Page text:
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Exercise Needs

Despite popular beliefs, Newfoundland Dogs are not lazy nor do they sleep any more than any other dog breed.

To be fair, Newfies do enjoy just chilling and napping if there isn’t anything more for them to do. However, they are usually more excited to play and spend time with their favorite humans.

For the sake of their physical health and mental wellbeing, we recommend you set aside about 30 minutes to an hour every day for exercise. Ideally, this time block should be broken up into two different sessions.

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Are Newfoundlands Aggressive? Temperaments Of Newfoundland Dogs

Newfoundland Dogs surprisingly have a reputation as being aggressive among people unfamiliar with the breed. This is probably due to their large size and intimidating faces. However, Newfies are probably among the sweetest dog breeds out there you will come across.

Here are just some of the personality traits that you have to look forward to.

Calm And Quiet

Newfoundland Dogs are quiet and calm dogs and are ideal if you want a dog that doesn’t bark a lot. They are more likely to use physical cues like staring at you or touching you to get your attention.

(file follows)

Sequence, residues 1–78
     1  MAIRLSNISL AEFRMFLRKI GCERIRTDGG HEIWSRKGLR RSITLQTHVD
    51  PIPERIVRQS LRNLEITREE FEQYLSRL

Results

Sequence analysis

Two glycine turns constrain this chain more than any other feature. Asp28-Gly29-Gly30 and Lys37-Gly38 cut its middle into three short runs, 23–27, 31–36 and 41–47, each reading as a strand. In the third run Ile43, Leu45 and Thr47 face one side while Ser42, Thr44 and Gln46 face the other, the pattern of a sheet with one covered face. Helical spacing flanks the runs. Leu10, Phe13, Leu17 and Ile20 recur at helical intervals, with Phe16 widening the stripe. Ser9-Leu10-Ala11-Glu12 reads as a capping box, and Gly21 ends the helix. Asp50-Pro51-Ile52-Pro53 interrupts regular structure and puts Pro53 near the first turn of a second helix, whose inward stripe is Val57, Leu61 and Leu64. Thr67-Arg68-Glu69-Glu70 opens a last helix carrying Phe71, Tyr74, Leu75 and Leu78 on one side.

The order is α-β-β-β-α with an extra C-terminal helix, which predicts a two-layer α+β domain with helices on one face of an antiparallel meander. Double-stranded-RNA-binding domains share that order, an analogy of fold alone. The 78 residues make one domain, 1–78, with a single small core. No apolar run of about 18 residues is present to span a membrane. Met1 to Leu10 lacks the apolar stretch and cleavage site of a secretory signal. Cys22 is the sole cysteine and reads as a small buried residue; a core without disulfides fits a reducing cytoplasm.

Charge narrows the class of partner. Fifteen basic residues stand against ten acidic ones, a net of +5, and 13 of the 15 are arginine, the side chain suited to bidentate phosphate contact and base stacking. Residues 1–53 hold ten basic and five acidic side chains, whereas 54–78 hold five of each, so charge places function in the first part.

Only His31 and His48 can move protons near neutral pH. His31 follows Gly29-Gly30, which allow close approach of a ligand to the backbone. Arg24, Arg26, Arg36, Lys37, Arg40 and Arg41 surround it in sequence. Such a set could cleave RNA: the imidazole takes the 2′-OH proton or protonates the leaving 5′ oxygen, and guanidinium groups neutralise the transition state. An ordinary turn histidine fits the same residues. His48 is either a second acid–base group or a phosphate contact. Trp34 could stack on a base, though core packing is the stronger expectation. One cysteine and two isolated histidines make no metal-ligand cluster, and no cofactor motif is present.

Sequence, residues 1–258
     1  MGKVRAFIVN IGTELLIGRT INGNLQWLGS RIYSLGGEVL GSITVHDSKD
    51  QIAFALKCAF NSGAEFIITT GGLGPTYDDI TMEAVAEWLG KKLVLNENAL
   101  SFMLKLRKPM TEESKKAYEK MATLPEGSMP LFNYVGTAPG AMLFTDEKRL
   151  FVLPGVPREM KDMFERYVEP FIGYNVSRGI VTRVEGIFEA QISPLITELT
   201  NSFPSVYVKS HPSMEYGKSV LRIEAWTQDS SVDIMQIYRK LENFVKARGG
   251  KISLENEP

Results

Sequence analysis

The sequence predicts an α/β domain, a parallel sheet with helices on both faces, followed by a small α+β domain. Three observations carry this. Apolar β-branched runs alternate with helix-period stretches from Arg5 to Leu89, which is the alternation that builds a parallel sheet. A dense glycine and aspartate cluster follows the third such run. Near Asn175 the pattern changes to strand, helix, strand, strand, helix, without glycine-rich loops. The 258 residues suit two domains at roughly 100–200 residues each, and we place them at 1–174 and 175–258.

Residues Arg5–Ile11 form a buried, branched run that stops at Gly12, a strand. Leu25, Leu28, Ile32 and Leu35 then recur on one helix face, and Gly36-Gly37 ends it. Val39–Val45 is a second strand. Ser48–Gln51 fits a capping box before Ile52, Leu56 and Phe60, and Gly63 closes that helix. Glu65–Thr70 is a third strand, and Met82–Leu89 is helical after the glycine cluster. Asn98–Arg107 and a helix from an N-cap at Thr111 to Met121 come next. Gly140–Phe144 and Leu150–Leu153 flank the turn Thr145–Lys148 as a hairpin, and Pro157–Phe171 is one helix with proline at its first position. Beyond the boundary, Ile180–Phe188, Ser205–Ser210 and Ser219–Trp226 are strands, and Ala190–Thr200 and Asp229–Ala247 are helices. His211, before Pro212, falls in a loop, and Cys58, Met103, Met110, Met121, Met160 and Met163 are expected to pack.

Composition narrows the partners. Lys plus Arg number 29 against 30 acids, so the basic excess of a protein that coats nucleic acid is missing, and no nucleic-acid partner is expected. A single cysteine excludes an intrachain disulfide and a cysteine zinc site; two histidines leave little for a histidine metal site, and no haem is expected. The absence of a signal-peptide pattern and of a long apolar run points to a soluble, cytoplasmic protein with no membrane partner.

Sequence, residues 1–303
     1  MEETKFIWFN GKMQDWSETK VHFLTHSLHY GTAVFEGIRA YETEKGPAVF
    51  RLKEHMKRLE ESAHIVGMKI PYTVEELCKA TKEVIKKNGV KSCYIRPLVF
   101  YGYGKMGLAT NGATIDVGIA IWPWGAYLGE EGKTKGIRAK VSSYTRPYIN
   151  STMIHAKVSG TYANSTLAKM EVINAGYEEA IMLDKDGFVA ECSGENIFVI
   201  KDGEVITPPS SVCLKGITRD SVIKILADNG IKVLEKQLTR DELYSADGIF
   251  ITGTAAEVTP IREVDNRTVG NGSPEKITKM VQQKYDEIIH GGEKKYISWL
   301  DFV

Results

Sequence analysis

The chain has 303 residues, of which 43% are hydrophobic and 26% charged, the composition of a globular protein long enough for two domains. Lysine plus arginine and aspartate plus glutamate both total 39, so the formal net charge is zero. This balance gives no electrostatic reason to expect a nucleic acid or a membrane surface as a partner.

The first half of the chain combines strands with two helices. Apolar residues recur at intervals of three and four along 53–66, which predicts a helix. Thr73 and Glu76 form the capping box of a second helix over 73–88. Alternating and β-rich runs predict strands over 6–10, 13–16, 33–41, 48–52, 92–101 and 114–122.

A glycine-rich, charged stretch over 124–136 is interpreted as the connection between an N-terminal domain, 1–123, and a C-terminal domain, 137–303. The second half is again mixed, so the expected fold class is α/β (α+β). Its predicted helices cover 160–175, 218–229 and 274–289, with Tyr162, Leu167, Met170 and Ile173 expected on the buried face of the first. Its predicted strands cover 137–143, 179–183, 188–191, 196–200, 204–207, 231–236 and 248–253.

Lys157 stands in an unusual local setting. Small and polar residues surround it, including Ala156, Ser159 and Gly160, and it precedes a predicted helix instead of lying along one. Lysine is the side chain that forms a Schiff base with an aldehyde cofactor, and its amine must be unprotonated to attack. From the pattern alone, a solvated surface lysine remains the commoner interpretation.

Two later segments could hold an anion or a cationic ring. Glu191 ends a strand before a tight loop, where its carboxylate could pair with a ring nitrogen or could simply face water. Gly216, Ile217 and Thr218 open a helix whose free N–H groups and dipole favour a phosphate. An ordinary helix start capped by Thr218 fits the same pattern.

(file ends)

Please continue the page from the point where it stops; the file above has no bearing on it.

However, they may still bark when excited or scared.

Affectionate

One of the Newfoundland’s favorite pastime activities is cuddling. These affectionate dogs are happiest in the company and in contact with their favorite human friends. This makes them perfect companions.

Protective

Newfies may not be aggressive but they will not hesitate to intervene and protect you when they feel you are threatened in one way or another.

More often than not, they offer protection by coming between you and the perceived danger and growling as a warning. It is only in very high tension scenarios that they will attack.

Intelligent And Easy To Train

Newfoundland Dogs are also very smart dogs and are always eager to please which makes them easy to train. This is without a doubt as a result of their history as working dogs where they got used to learning and obeying commands.

Independent

The Newfie’s independent nature is another reason why they are perfect if you want a low-maintenance dog. You can easily leave your Newfoundland alone for a few hours for work or as you run errands and they won’t have too much of an issue with it.

Do Newfoundland Dogs Shed? Grooming Tips For Newfoundland Dogs

Probably the only somewhat high-maintenance aspect of taking care of a Newfie is their grooming. The beauty of their long, fluffy coats comes at a price as you have to work extra hard to keep it beautiful and healthy while also minimizing the amount of shedding around your home.

Speaking of shedding, Newfoundland Dogs shed minimally to moderately for most of the year. However, they go through 2 seasons of heavier undercoat shedding during fall and spring where your care practices may need to change.